Introduction to Music in Medieval Manuscripts
This course offers a brief introduction to medieval music paleography, especially between the ninth and fourteenth centuries. It provides an overview of musical scripts used in medieval Europe, the graphic features that distinguish them, and developments in music writing technologies over the course of the period. By considering various regional notational styles, students will learn how musical notation can aid in situating manuscripts chronologically and geographically. In addition, students will briefly be introduced to resources that can help identify the content of musical manuscripts.
Rather than focusing on the transcription of medieval musical notation, or its semiotic qualities, this course focuses exclusively on its paleographic features. No knowledge of modern musical notation is required, nor is musical experience necessary. In your application, please indicate your previous experience in paleography and codicology.
Basic knowledge of Latin and basic palaeography/codicology is helpful, but not necessary. This is a course designed for beginners, so ability to read modern western musical notation is helpful, but also not necessary.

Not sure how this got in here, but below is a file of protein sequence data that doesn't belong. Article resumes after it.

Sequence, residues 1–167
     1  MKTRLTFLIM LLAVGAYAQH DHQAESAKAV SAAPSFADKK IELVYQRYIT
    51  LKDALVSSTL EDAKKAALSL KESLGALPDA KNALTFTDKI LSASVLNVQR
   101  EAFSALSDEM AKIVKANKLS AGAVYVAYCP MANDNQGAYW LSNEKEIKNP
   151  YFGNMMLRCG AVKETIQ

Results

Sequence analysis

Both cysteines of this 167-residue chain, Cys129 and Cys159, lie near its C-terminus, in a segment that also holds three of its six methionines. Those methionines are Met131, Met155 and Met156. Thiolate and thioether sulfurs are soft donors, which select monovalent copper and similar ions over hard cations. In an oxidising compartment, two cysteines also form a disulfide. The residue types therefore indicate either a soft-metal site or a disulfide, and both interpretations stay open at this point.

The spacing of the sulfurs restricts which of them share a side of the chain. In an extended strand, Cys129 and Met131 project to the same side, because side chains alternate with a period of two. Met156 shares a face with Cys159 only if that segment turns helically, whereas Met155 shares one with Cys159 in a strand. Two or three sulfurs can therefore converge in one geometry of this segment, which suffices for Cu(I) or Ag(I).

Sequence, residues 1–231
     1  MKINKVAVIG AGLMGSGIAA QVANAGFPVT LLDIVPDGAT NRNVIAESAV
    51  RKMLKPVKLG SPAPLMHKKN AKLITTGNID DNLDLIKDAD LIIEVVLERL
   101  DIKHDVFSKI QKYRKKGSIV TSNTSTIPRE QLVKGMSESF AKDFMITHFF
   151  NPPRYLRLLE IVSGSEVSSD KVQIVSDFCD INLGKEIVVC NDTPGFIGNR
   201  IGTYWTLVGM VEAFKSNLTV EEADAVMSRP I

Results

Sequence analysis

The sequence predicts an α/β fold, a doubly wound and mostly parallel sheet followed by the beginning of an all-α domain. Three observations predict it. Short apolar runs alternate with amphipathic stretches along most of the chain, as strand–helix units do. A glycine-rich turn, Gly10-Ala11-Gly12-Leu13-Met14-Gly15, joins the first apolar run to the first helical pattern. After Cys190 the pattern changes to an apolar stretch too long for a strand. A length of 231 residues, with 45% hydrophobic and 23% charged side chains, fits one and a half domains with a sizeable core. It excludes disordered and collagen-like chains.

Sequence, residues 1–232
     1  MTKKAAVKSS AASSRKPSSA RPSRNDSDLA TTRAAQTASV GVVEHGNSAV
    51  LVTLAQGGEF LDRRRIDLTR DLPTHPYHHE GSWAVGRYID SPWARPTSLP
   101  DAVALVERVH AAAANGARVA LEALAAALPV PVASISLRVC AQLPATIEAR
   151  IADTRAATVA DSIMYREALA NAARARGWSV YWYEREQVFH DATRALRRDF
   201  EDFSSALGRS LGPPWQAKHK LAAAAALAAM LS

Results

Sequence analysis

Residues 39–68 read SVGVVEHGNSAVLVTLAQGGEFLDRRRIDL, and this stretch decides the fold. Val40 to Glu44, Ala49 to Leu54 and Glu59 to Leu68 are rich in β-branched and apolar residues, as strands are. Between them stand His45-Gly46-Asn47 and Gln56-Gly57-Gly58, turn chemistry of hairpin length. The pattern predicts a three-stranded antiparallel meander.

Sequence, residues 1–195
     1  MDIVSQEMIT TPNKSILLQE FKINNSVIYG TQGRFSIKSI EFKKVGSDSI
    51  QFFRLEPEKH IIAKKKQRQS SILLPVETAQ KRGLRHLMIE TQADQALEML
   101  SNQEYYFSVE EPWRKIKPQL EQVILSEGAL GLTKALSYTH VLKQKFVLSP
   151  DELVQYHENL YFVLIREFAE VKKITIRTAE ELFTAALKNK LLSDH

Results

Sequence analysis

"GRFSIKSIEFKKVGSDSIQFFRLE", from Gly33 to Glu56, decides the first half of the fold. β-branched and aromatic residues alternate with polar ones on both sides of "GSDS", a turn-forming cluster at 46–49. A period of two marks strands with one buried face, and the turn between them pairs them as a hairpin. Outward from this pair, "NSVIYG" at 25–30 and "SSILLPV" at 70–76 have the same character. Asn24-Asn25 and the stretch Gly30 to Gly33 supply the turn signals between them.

There is no essential reading required for this course.
Recommended further reading
- Bell, Nicolas. Music in Medieval Manuscripts. University of Toronto Press, 2001.
- Grier, James. Musical Notation in the West. Cambridge University Press, 2021.
- Haines, John, editor. The Calligraphy of Medieval Music. Brepols, 2011.
- Huglo, Michel. “Toward a scientific paleography of music.” The Calligraphy of Medieval Music, edited by John Haines, Brepols, 2011, 13-21.
- Rankin, Susan. Writing Sounds in Carolingian Europe: The Invention of Musical Notation. Cambridge University Press, 2018.
- Treitler, Leo. “The Early History of Music Writing in the West.” With Voice and Pen: Coming to Know Medieval Song and How it was Made, Oxford University Press, 2007, 317-364.
- —“Reading and Singing: On the Genesis of Occidental Music Writing. With Voice and Pen, Oxford University Press, 2007, 365-428.